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DescriptionWear this Concealed Belt Knife anywhere and never be caught off guard! This concealed knife belt is a stylish way to stay protected in any situation, and perfect is a perfect fit for any man, woman and child (under 18 with adult supervision). This concealed knife belt is 1-1/4" in width and fits any waist up to 54", and is constructed of durable and comfortable black nylon. However, there is a razor sharp, half serrated 440 stainless steel blade concealed in it's elegant black pakkawood buckle. The knife itself is 7-1/2" long. This concealed belt knife is a completely inconspicuous and easily accessible way to defend yourself, and no one would ever think twice about this normally harmless accessory! This Concealed Belt knife is versatile and fashionable, and will match any wardrobe. Order this fantastic Concealed belt knife for yourself or someone else today and take advantage of our great low sale price!
Belts have been documented for male clothing since the Bronze Age. Both sexes used them off and on, depending on the current fashion, but it was a rarity in female fashion with the exception of the early Middle Ages, late 17th century Mantua, and skirt/blouse combinations between 1900 and 1910. Art Nouveau belt buckles are now collector's items.
In the Militarist periods, particularly the later half of the 19th century and up until the first World War, the belt was strictly a decorative part of the uniform, particularly among officers. In the armed forces of Prussia, Crimea, and other Eastern European nations, it was common for officers to wear extremely tight, wide belts around the waist, on the outside of the uniform. These tightly cinched belts served to draw in the waist and give the wearer a trim physique, emphasizing wide shoulders and a pouting chest. Often the belt served only to emphasize a waist made small by a corset worn under the uniform, a practice which was common especially during the Crimean Wars and was often noted by soldiers from the Western front. Political cartoonists of the day often portrayed the tight waist-cinching of soldiers to comedic effect, and some cartoons survive showing officers being corseted by their inferiors, a practice which surely was uncomfortable but deemed to be necessary and imposing.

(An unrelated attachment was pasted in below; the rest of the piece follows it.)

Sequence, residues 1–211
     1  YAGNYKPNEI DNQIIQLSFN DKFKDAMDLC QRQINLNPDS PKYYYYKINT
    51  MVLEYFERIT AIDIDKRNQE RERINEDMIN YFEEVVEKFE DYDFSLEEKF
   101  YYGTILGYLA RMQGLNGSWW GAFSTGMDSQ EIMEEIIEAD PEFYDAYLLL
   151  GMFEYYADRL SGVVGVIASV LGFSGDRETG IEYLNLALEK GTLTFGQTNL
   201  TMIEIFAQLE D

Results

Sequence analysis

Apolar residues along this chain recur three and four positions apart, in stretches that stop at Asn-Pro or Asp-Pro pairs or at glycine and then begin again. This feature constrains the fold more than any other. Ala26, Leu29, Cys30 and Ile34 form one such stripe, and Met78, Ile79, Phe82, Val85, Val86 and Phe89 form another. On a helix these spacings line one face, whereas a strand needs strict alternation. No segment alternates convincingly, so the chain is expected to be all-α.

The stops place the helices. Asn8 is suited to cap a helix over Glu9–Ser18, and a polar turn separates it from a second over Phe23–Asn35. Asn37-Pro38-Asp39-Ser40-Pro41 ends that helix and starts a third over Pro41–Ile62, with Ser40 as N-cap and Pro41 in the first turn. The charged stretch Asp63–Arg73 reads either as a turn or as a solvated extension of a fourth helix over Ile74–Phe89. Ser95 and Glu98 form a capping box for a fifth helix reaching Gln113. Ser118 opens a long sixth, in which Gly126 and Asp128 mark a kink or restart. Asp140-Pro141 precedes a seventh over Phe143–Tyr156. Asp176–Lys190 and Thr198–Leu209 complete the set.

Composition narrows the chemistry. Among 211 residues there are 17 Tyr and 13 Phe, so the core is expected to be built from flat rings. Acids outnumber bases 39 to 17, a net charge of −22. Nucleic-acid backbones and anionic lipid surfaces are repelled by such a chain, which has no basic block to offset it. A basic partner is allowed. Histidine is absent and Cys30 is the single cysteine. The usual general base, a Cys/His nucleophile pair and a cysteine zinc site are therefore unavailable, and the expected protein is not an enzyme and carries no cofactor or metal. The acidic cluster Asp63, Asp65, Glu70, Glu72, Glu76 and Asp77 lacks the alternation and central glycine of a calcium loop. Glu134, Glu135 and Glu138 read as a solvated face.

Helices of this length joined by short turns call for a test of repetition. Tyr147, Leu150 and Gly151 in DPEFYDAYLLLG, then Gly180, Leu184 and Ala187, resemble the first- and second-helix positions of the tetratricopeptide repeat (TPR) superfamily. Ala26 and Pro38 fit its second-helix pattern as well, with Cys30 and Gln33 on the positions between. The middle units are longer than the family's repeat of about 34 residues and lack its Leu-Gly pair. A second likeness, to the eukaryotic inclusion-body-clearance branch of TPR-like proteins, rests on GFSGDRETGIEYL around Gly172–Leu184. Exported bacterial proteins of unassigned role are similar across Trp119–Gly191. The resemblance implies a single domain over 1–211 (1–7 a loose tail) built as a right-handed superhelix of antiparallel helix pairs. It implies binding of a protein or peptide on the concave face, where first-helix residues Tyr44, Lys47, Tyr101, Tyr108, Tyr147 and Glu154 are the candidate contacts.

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Concealed Belt Knife